But the most jaw-dropping aspect of Tim Pawlenty's economic hallucination is the unprecedented upward income redistribution it would produce.
As Citizens for Tax Justice concluded, the 400 richest Americans - whose incomes doubled and tax rates were halved over the past decade - would enjoy a 73% reduction in their tax bills. As it turns out, the merely well-off and the fabulously rich would join the unimaginably wealthy in reaping the T-Paw Payday for the gilded class:

Taxpayers with incomes in excess of $1 million would enjoy an average cut in personal income taxes of $288,822, a 41.4 percent cut.
Taxpayers with incomes in excess of $10 million would enjoy an average cut in personal income taxes of $2.4 million, a 46.3 percent cut.
The cost of the personal income tax cuts just for taxpayers with incomes in excess of $1 million would be $141.8 billion.

Pawlenty's windfall for the wealthy would make George Bush and Paul Ryan blush. While the corporate tax rate would be slashed from 35% to 15%, Pawlenty would create two tax brackets of 10% for those earning up to $50,000 and 25% above. (As with the Paul Ryan plan, the loopholes Tim Pawlenty would close remain unnamed.) At a time of when the federal tax burden is at a 60 year low and income inequality at an 80 year high, Pawlenty insists "we should eliminate altogether the capital gains tax, interest income tax, dividends tax, and the death tax." (It is worth noting that less than one-quarter of one percent of U.S. families pay the estate tax, while George W. Bush's last round of capital gains and dividend tax cuts in 2003 delivered 70% of their savings to "top 2 percent of taxpayers, those making more than $200,000.")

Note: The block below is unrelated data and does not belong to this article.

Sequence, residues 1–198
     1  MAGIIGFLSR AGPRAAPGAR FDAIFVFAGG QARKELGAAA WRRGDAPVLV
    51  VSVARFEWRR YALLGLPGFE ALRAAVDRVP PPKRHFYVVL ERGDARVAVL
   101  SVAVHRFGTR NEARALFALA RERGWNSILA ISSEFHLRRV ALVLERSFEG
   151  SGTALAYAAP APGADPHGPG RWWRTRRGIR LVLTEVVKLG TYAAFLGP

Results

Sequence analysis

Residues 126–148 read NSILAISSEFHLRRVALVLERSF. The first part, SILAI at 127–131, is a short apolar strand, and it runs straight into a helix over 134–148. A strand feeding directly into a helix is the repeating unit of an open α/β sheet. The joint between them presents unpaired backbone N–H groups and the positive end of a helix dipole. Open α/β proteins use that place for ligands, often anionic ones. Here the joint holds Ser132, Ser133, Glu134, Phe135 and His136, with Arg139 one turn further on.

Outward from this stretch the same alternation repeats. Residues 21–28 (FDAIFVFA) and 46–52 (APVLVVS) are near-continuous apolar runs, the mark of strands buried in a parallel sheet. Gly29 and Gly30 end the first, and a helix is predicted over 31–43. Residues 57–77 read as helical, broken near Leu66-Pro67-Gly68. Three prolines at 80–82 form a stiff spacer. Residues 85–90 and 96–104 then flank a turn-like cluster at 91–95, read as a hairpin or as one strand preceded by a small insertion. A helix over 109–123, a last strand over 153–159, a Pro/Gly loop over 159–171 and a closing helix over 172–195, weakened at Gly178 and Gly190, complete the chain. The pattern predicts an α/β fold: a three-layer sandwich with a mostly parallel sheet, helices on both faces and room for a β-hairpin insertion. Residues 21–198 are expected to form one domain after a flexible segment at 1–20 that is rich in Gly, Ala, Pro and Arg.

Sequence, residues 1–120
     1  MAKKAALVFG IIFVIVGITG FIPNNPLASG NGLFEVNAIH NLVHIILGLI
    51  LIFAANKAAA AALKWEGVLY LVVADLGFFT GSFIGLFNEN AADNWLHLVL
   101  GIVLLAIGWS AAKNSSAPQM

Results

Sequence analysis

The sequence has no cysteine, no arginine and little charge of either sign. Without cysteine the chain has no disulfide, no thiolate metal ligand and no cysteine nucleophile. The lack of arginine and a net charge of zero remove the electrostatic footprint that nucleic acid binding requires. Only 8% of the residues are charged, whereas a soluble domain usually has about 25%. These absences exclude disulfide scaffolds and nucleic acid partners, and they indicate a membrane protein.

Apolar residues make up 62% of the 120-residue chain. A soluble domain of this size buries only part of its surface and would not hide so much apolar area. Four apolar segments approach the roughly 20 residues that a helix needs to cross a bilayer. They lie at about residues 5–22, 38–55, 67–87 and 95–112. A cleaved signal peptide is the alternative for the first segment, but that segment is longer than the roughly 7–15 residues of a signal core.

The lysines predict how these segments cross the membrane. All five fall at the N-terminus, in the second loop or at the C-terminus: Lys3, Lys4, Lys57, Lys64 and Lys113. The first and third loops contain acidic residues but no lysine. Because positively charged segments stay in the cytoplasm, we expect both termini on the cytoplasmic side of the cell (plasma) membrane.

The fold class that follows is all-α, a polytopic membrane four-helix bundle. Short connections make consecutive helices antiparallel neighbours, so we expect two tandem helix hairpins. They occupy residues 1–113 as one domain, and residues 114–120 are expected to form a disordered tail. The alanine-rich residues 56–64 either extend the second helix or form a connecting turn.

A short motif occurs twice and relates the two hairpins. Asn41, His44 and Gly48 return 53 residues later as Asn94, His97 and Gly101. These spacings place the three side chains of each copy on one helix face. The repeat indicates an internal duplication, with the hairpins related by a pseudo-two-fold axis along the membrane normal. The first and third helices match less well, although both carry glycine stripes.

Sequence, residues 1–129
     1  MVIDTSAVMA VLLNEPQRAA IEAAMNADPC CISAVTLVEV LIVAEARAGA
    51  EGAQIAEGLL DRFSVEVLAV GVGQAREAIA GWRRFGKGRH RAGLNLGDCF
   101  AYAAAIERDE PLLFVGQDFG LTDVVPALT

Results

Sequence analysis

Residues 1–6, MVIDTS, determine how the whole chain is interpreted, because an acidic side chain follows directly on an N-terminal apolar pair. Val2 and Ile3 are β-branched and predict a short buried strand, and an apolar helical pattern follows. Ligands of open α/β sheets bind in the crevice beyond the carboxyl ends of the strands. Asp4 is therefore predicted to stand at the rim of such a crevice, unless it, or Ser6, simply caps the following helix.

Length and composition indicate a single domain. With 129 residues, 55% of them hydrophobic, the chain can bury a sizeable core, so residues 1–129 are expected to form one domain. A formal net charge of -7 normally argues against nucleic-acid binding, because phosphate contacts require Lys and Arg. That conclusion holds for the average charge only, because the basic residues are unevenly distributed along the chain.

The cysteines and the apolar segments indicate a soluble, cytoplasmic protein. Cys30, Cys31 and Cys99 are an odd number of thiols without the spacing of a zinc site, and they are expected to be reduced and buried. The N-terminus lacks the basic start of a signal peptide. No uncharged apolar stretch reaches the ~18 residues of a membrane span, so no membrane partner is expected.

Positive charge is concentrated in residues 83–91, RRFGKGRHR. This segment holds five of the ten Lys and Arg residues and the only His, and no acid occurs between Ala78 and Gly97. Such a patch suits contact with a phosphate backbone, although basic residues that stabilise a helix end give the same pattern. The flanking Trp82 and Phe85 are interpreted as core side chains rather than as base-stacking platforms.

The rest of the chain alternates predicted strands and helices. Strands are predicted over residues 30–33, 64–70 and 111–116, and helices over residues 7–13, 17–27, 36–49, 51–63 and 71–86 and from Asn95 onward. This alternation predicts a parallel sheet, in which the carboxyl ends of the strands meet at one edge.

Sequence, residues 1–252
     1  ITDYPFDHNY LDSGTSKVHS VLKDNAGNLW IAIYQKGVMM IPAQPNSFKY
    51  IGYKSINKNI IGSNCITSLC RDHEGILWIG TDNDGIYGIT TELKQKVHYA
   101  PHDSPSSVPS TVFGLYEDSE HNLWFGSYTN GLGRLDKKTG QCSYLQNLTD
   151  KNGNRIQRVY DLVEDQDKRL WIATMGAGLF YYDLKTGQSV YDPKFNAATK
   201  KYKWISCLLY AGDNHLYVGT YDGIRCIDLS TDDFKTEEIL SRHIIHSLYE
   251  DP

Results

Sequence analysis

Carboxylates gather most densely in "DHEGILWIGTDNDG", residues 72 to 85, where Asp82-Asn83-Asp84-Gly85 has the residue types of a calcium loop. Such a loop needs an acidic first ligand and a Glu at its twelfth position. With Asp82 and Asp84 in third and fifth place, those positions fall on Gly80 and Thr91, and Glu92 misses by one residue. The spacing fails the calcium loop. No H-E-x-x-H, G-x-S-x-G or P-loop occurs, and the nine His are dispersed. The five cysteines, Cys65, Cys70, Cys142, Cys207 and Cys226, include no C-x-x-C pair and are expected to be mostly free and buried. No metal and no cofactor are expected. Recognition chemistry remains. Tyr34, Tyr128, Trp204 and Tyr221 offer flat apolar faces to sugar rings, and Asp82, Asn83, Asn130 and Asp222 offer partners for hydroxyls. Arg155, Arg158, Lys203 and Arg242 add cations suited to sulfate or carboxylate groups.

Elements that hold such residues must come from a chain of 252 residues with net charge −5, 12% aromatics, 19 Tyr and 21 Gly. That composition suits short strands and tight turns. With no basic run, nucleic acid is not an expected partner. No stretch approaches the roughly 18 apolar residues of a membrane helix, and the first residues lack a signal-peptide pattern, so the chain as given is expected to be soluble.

All told, Tim Pawlenty's budget-busting blueprint would cost a staggering $11.6 trillion over the next 10 years. In comparison, the Bush tax cuts of 2001 and 2003 emptied the Treasury of $2.5 trillion over their first decade, and if made permanent, would drain roughly $4 trillion more. As the Center on Budget and Policy Priorities explained, the savings from Paul Ryan's draconian budget cuts (three quarters of which are extracted from the poor and elderly) endorsed by 98% of Republicans on Capitol Hill are almost completely offset by his $4.2 trillion in tax cuts. It's with good reason that ThinkProgress concluded:

Pawlenty's plan wins the triple crown: it's more radical than Ryan, costs three times more than the Bush tax cuts, and still means a tax increase on the middle class.

Unveiling his absolutely fabulous plan for the fabulously rich, the former Governor and friend of Morgan Stanley used his humble roots as cover:

"I come from a working class background. I didn't grow up with wealth. But I've never resented those who have it."

In contrast, President Obama, Pawlenty charged last month, is "a champion practitioner of class warfare." And now, apparently, Obama's a chicken to boot.
Ultimately, of course, none of this will probably matter. At his current pace, Tim Pawlenty's hopes of reaching the White House may soon be gone. But whatever happens, he'll still have his "smoking hot wife."


Jon Perr
Jon Perr is a technology marketing consultant and product strategist who writes about American politics and public policy.